4. Leonardo DiCaprio sitting anxiously next to macarons. SWAG.
5. That they incorporated the last page of the book verbatim into the ending. Could I have done without the Baz-effect of floating typewriter letters in the night sky, swirling around to form “borne back ceaselessly into the past”? A duh, but I’m just grateful for scraps at this point, okay?
If I had to grade it I’d give it a C. If you take away Baz Luhrmann it jumps to a solid A. What worries me the most is that this is setting a precedent for future book-to-film translations, and if we’re setting the bar at “OUTRAGEOUS SENSORY OVERLOAD EXTRAVAGANZA” in 2013, I fear for whatever version my future child will have to endure (6D total immersion with holograms, no doubt). Not everything needs to be “made current” and given a timestamp of a different era. The book worked so well because of the prose, and when you take the focus away from that, what do you have? An Australian megalomaniac with a hard-on for sparkle.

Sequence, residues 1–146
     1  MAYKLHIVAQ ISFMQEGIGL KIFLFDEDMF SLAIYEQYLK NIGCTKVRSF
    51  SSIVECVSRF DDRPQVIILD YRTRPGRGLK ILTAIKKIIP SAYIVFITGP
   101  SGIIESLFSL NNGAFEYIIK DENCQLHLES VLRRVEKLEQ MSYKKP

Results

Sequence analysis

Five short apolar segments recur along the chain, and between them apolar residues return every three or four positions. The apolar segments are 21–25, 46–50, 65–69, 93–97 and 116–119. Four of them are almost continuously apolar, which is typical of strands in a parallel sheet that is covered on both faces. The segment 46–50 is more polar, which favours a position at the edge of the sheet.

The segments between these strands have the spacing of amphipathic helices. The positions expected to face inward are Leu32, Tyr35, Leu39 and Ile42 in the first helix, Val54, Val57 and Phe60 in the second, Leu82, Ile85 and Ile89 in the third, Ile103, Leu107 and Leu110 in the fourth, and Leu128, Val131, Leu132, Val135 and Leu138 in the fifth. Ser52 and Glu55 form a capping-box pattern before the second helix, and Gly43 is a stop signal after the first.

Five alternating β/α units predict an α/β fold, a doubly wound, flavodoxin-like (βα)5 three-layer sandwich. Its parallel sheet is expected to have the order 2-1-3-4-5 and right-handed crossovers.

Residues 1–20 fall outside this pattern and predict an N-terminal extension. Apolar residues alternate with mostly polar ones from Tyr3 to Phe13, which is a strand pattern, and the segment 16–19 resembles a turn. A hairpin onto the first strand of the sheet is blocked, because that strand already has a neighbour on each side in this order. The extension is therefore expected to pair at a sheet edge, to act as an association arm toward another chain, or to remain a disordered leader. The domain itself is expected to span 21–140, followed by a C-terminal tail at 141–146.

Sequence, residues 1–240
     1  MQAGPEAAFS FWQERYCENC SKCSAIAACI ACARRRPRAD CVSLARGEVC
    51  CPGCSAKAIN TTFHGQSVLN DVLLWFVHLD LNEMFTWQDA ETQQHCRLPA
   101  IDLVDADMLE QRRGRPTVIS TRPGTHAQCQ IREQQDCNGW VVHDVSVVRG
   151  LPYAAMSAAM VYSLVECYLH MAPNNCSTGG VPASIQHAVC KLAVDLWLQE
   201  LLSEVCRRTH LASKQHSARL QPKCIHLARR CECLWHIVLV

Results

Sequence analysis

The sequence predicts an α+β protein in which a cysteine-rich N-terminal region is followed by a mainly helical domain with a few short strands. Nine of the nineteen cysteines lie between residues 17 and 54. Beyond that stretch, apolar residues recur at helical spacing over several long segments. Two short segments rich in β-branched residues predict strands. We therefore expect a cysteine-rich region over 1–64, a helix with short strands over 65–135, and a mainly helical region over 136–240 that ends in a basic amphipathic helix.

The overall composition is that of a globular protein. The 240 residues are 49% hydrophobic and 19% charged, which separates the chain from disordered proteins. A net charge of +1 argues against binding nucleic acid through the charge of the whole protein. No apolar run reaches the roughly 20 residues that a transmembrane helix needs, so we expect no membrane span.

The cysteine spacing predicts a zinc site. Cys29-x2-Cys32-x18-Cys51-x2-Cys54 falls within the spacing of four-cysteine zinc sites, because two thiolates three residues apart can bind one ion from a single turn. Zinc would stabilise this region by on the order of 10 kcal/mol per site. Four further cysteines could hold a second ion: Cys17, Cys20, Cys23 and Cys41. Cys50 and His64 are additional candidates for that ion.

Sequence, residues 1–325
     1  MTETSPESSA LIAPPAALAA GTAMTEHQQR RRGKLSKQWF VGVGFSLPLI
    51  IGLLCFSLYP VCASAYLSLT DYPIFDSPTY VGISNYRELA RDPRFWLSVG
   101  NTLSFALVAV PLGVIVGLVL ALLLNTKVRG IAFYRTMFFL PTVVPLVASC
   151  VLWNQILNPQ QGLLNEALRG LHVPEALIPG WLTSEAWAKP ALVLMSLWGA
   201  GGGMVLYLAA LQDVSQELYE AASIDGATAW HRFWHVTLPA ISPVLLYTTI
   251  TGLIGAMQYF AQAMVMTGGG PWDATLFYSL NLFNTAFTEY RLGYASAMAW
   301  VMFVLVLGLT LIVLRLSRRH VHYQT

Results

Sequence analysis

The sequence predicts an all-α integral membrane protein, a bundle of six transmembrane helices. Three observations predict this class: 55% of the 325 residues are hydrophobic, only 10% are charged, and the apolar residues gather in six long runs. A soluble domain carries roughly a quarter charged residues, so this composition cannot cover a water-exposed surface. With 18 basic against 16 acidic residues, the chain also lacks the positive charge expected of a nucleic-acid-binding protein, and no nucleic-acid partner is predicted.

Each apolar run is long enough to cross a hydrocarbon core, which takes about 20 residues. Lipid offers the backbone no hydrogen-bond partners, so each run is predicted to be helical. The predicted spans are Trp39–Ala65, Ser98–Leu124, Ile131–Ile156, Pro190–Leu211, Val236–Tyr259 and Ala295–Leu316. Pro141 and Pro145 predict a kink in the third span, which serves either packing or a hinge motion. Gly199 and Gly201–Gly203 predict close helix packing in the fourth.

Heather at It’s So Suburban had one of the funniest tweets I’ve read in a long time a few weeks ago: “Holiday I made up: Pink Peony Day on Pinterest. It’s today.” If you’re on Pinterest, you know why this is particularly accurate, but definitely apropos recently. It’s peony season! It’s here again! I’m making it my mission to track some of these gorgeous blooms down and fill my house with them. The petals are so soft and fluttery they almost look like fine pieces of silk. Peonies are one of my favorites, and truthfully every day should be Pink Peony Day. What do you say?